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dc.contributor.authorLaitos, Jan G.
dc.contributor.authorKeske, Catherine M. H.
dc.date.accessioned2011-04-13T21:20:00Z
dc.date.available2011-04-13T21:20:00Z
dc.date.issued2010
dc.identifier.citation25 J. ENVTL. L. & LITIG. 303 (2010)en_US
dc.identifier.issn1049-0280
dc.identifier.urihttp://hdl.handle.net/1794/11082
dc.description82 p.en_US
dc.description.abstractHumankind is on a path of inefficient and unsustainable resource use and exploitation. As a result, the earth and its resources are now facing irreversible disruptions that have the potential to affect multiple generations. These disastrous global effects are not only caused by excessive resource use. Rather, accelerated human use of resources also has the devastating consequence of impairing the purely ecocentric benefits that follow when humans do not use resources. When resources are left alone by humans, when they are not exploited or developed, their nonuse is beneficial for the entire biosphere, of which humans are only a part. In this Article, we show how the destruction of this critical nonuse component of natural resources is creating many of the alarming environmental changes that are so disturbing to the planet. Then, through a series of analytical arguments founded in economic game theory, we illustrate that sustainable resource use can only be achieved if legal rights are bestowed upon not just human resource users, or humans who benefit themselves from resource nonuse, but also upon the resource itself. We define this legal right as the resource’s “right of nonuse.” Establishing a “right of nonuse” effectively privatizes a resource, facilitating a cooperative game that is between three kinds of players: human resource users, humans who selfishly prefer resource nonuse, and the resource itself. An analysis under this three-player game, which at last includes the natural resource itself as a critical actor, provides a framework for moving toward an efficient, sustainable path of resource conservation.en_US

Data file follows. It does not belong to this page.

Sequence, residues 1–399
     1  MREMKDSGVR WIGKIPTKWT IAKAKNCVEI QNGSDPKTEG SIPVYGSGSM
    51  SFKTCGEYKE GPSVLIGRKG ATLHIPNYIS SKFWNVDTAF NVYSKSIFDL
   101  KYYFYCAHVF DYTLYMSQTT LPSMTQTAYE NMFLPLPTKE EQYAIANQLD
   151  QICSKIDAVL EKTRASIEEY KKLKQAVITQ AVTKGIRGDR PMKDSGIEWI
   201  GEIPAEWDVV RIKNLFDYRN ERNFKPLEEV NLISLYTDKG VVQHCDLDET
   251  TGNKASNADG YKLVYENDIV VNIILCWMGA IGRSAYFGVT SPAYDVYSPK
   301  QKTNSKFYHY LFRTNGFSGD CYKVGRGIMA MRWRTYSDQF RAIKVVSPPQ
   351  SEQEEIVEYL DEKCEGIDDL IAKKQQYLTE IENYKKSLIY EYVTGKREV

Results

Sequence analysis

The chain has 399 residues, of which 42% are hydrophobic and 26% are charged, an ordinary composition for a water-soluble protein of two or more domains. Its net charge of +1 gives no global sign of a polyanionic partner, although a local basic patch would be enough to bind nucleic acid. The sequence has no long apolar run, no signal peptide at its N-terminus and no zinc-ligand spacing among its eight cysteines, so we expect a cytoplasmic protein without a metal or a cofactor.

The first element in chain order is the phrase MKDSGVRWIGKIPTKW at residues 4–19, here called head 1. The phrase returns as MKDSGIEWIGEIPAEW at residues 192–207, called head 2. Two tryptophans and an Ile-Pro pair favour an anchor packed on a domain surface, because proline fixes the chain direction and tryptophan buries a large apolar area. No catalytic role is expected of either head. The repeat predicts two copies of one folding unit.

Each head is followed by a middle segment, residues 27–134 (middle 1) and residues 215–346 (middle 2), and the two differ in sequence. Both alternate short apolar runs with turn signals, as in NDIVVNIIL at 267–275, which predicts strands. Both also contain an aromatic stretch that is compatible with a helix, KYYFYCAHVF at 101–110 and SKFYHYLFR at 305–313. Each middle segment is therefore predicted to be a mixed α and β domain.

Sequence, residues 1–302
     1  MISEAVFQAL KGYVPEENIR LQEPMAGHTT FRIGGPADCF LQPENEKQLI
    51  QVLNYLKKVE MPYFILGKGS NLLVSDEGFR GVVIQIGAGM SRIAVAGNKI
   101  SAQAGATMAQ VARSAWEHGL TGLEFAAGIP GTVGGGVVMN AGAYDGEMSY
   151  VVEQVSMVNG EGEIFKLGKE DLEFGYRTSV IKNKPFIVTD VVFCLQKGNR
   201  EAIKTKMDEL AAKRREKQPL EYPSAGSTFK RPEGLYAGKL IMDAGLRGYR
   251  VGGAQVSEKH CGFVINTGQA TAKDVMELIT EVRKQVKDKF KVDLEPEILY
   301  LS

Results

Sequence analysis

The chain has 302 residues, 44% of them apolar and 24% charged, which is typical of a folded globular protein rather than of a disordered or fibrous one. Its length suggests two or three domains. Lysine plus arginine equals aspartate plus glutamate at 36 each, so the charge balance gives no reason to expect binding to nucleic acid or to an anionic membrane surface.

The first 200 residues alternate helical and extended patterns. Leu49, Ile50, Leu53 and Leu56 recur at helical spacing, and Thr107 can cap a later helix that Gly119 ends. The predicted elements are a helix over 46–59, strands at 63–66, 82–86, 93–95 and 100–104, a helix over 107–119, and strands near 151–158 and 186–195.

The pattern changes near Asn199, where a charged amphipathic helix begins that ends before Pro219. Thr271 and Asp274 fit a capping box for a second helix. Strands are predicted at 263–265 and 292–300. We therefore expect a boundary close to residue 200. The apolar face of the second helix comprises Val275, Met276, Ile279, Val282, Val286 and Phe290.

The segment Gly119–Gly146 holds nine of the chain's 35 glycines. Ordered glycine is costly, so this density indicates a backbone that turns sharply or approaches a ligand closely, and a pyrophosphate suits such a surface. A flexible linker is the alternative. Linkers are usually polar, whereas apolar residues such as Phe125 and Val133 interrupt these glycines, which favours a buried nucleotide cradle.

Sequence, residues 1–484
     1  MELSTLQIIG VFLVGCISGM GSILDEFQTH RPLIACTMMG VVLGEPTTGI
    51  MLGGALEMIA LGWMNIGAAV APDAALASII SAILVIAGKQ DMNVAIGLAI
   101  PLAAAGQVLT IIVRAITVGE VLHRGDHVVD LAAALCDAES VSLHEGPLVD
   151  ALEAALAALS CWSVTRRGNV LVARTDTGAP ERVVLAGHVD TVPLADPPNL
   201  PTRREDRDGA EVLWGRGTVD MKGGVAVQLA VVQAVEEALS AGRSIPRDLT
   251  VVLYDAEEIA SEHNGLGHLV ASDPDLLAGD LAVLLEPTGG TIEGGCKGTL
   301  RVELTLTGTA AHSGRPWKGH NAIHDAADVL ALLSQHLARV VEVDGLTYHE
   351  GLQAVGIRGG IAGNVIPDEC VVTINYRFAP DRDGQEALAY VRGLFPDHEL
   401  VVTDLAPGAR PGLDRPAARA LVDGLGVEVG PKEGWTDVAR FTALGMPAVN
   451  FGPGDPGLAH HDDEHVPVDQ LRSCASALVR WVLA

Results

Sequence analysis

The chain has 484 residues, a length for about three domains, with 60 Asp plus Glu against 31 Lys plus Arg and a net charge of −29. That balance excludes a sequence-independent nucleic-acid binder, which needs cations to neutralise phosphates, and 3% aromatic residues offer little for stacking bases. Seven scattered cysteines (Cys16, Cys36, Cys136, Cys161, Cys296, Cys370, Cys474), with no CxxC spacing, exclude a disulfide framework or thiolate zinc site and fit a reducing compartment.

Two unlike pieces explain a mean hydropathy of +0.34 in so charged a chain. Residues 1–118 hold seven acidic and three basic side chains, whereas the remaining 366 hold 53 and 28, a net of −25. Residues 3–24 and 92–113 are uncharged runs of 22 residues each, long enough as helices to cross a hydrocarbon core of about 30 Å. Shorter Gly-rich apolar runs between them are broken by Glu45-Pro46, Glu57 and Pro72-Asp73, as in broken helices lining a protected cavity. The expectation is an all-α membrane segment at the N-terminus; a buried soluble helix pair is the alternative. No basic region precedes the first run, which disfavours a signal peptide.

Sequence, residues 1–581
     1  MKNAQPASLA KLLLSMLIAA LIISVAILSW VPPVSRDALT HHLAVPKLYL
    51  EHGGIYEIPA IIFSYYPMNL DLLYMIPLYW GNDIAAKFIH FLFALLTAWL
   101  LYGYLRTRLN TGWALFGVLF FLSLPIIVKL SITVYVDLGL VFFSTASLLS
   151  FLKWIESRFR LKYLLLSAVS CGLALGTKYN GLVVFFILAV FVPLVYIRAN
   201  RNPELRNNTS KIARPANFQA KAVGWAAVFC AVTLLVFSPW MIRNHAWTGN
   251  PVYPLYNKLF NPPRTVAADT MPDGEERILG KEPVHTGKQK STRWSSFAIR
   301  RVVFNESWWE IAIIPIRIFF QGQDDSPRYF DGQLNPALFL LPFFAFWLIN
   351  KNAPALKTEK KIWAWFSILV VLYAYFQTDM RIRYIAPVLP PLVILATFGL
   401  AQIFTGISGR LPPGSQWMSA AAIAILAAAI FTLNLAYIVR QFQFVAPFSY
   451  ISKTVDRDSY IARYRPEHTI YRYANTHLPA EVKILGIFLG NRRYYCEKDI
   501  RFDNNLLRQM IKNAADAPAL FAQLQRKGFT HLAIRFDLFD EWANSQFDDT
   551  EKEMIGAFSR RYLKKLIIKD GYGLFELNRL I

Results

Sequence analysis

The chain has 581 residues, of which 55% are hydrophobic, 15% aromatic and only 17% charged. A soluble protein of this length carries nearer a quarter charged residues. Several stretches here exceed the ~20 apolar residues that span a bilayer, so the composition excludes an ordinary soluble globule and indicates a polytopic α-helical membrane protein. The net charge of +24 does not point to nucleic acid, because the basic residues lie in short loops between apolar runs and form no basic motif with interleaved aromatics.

dc.language.isoen_USen_US
dc.publisherUniversity of Oregon School of Lawen_US
dc.subjectRight of nonuse
dc.subjectNonuse
dc.subjectEnvironmental law
dc.titleJournal of Environmental Law & Litigation : Vol. 25, No. 2, p. 303-384 : The Right of Nonuseen_US
dc.title.alternativeThe Right of Nonuseen_US
dc.typeArticleen_US


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